RUSSERT: But John Kerry said he would vote again today for authorization, even knowing what he knows now. You don't agree with that.
CLINTON: Well, but I think the point John was making was the same one I was making, that we don't have a choice to have hindsight.
BALZ (1/18/07): That resolution haunted her politically as public support for the war began to erode, particularly among Democrats. As other Democrats recanted their support for the resolution—including Sen. John F. Kerry (Mass.) and former senator John Edwards (N.C.)—she resisted.The long and twisting road! Clearly, were in the hands of a brilliant stylist—a man who could write great novels, if he chose—and hes sculpting a taut, pleasing story, complete with conflicts among his key characters. But while Balz is surely a wonderful novelist, is he telling his readers the truth? Here is what Clinton finally said, a month ago, as she slowly moved away from her vote:
That put her on a twisting path that moved her slowly away from the vote and that finally led her a month ago to say that, knowing what she knows now, she would not have voted for the resolution. But unlike Edwards, who is an announced candidate for president, and Kerry, who may run, she has not apologized for that decision.
CLINTON (12/18/06): Obviously, if we knew then what we know now, there wouldnt have been a vote, and I certainly wouldnt have voted for it.Our suggestion: Clinton should perhaps drop obviously from her lexicon as long as there are novelists like Balz around. Obviously, the second part of her statement—I certainly wouldnt have voted for it—is implied by the first, where she says there wouldnt even have been a vote if we knew then what we know now. But uh-oh! She first said that in 2004, a fact Balz doesnt offer his readers. Instead, Balz offers his readers a tight, gripping drama—a drama thats notably weak on the facts. As good novelists like to do, he offers a story in which Clinton stands in stark opposition to Edwards—in which she slowly moves away from the war. But the facts of the case make this contrast less clear—so Balz threw the facts down the toilet.
EDWARDS (11/13/05): I was wrong.The intel was wrong, Edwards said. Had I known this at the time, I never would have voted for this war. But Clinton had already said, fifteen months earlier, that no one would have voted for this war because there wouldnt even have been a vote. (There would have been no basis for it.) Do you see a stark contrast between those positions? If so, you ought to look in the mirror. You may be seven years old.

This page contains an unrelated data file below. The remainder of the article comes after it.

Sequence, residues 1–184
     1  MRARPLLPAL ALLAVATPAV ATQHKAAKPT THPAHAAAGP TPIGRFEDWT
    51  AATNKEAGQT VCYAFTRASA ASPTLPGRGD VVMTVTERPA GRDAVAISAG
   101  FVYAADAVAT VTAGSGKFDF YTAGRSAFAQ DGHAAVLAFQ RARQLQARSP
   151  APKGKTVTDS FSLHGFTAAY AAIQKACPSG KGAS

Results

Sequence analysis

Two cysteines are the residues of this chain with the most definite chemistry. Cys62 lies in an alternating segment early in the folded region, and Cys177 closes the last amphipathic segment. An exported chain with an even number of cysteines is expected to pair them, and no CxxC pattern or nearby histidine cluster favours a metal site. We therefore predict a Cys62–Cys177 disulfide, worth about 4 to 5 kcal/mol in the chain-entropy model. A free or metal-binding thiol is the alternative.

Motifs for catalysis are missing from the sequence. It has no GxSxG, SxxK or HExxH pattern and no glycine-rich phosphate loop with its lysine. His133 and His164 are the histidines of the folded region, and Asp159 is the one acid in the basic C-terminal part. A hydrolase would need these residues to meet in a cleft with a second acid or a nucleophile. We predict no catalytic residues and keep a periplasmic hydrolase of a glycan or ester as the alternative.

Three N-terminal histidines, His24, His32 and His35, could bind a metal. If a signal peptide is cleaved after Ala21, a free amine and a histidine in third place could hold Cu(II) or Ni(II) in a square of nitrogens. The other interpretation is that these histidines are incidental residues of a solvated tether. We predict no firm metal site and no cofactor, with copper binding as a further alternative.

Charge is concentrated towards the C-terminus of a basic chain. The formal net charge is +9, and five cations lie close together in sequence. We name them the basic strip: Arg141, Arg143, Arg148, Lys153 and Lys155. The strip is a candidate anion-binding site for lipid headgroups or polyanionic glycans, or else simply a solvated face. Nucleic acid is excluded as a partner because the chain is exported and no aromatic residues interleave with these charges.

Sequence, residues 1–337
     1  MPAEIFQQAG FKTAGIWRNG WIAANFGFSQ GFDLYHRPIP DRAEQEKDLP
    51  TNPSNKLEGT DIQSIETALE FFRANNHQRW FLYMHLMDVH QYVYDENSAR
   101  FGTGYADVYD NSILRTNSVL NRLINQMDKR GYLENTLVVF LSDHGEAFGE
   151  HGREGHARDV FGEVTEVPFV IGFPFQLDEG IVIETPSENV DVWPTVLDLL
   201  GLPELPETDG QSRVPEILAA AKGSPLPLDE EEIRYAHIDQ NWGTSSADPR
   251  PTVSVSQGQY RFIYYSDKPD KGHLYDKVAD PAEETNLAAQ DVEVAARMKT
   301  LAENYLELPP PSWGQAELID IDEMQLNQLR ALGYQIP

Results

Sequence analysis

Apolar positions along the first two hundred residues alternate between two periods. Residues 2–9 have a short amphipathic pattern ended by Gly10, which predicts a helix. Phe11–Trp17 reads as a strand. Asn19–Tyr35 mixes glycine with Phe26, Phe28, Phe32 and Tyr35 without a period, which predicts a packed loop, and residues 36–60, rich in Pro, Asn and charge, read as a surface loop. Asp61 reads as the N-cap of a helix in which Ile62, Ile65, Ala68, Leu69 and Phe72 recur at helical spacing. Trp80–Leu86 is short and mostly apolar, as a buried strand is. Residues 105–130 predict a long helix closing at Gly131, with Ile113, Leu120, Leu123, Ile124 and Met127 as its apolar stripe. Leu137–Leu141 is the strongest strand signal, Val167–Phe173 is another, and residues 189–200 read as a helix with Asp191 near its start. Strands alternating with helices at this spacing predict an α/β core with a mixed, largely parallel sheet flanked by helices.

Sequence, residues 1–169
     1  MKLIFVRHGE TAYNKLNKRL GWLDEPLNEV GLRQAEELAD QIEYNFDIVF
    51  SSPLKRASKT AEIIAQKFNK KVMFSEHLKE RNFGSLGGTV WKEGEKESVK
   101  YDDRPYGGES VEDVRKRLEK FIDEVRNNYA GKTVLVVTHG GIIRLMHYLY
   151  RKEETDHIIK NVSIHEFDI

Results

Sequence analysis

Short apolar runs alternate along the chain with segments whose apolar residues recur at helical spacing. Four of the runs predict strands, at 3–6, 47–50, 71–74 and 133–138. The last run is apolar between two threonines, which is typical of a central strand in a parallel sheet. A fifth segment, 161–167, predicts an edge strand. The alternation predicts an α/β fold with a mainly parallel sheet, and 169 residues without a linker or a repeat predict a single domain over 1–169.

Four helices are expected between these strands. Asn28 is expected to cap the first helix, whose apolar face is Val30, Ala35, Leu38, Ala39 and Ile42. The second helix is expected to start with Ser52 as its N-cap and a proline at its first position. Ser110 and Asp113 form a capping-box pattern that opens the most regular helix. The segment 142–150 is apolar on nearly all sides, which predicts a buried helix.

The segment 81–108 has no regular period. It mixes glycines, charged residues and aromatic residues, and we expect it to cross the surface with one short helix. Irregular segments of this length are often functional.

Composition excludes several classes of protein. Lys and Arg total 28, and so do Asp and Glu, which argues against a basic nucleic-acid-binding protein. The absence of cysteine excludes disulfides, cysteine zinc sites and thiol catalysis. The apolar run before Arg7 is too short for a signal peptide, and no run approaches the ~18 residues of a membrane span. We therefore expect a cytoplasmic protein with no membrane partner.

Almost three years ago we went into Iraq to remove what we were told—and what many of us believed and argued—was a threat to America. But in fact we now know that Iraq did not have weapons of mass destruction when our forces invaded Iraq in 2003. The intelligence was deeply flawed and, in some cases, manipulated to fit a political agenda.
It was a mistake to vote for this war in 2002. I take responsibility for that mistake. It has been hard to say these words because those who didn't make a mistake—the men and women of our armed forces and their families—have performed heroically and paid a dear price.
The world desperately needs moral leadership from America, and the foundation for moral leadership is telling the truth.
While we can't change the past, we need to accept responsibility, because a key part of restoring America's moral leadership is acknowledging when we've made mistakes or been proven wrong—and showing that we have the creativity and guts to make it right.
The argument for going to war with Iraq was based on intelligence that we now know was inaccurate. The information the American people were hearing from the president—and that I was being given by our intelligence community—wasn't the whole story. Had I known this at the time, I never would have voted for this war.
SHIPP (3/5/00): The Post has gone beyond that kind of reporting in favor of articles that try to offer context—and even conjecture—about the candidates' motives in seeking the office of president. And readers react—sometimes in a nonpartisan way, more often not—to roles that The Post seems to have assigned to the actors in this unfolding political drama... As a result of this approach, some candidates are whipping boys; others seem to get a free pass.According to Shipp, it was like the Post had assigned the candidates roles in an unfolding drama! Shipp went on to describe the way the Post was building its drama—inventing phony quotes from Gore, omitting unflattering facts about McCain. Shipp nailed it that day, right on the nose. Her column was completely ignored.
E. R. Shipp nailed it, right on the nose. But great writers like Balz—great, talented dramatists—knew that they simply had to ignore her. The world deserves to read their novels. Balz types a new chapter today.